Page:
Lambeth’s Kerbside Strategy – Cllr Rezina Chowdhury

We can all see that space on our streets is at a premium, with more demands and pressure on it than ever before. How we allocate this space must be guided by equity and sustainability.

The “kerbside” – or the space where most people park their cars – represents one of the largest public assets we have control over. In Lambeth, this kerbside space is the equivalent of 194 football pitches. How we use this space can both support, and work against, our objectives. Today, 94% of the kerbside is used to provide and manage car parking.

In our Climate Action Plan, we agreed that we will allocate 25% of this space to support our resilience to climate change. Our new strategy sets out how we will achieve this, whilst ensuring and enabling fair and equal access, community interaction, economic resilience, and health and wellbeing objectives.

While the 25% Climate Action Plan target has driven the ambitious scope and scale of the strategy, we’re focused on practical outcomes: this means delivering change that we and our residents can see.  This isn’t just theory.  It’s practical.

That’s why, we’re setting out minimum commitments for every street in Lambeth through our ‘Lambeth Kerbside Basics’, with four key principles.

Firstly, enable accessible and active travel. This means using the kerbside to ensure that our pavements are clear and accessible, particularly for people with mobility impairments. This also includes minimum commitments for cycle parking and shared bikes, and high-quality walking networks. Here, a kerbside basic example is committing to all households being within 50m of free cycle parking.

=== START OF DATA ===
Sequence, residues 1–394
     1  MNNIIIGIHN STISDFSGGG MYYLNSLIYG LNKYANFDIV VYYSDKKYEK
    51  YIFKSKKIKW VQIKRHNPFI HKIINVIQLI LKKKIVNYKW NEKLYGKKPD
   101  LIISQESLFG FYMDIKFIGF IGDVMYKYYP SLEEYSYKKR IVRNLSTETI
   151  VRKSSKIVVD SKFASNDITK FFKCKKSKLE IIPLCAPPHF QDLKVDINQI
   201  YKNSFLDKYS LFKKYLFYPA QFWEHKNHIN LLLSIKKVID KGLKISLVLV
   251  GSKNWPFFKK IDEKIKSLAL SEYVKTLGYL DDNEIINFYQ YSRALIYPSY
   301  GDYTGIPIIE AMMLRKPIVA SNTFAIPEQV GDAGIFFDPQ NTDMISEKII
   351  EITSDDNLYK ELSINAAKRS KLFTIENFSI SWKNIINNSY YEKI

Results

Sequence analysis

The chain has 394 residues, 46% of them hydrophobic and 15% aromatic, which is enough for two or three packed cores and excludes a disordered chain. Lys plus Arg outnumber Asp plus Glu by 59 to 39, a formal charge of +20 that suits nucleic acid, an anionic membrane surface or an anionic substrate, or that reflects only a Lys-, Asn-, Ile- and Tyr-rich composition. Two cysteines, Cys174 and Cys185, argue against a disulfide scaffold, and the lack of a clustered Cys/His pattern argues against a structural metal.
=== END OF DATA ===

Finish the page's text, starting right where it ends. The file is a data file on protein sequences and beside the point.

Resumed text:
Secondly, creating places for people. We want kerbsides to be used for social spaces on our streets. We saw all too clearly from living through the pandemic that many households just don’t have outdoor space, or a car and they can’t make use of the kerbside either. That will change with this strategy. Local people will be able to apply to use the kerbside for things like small community gardens or somewhere to sit and chat with neighbours. Businesses will be able to apply to use the kerbside for outdoor seating. We will build on the successes of pilot schemes over the last few years.  And if you haven’t already seen an example, I encourage you to visit the Cut in Waterloo where we’ve reclaimed 5 car parking spaces for seating, restaurant tables, cycle storage and planters.

Thirdly, we need to increase climate resilience. Our summers are already getting hotter, and flooding is a growing risk. We all know that the impacts of climate change won’t be felt equally and people on lower incomes, those with long term health conditions, or older people are all at greater risk. This strategy pledges that all streets will have shade from trees, and green spaces, and biodiversity, that together help protect us from these risks. Here, a kerbside basic example is street trees every 25m on every street in Lambeth.

And the fourth priority is reducing emissions and traffic. Once we reach our ambitious targets for sustainable transport and traffic reduction, there will be far fewer motor vehicles on our streets.

But for those remaining ones we need to support the shift towards electric vehicles and shared cars as much as possible. It’s our ambition to provide the infrastructure and incentives to support this shift at both scale and pace (though more support will need to be provided from central Government, especially financial ones, to support this shift). We do also need consider the remaining 75% of kerbside, to ensure it works towards our priority areas.

This strategy is about fundamental change in response to the climate emergency. We can’t deliver that change alone. We will all need to work together to re-imagine our streets, the way we travel and arrange our lives. In return the benefits, in terms of healthier, more sustainable, equal, and enjoyable lives are there for us all to claim.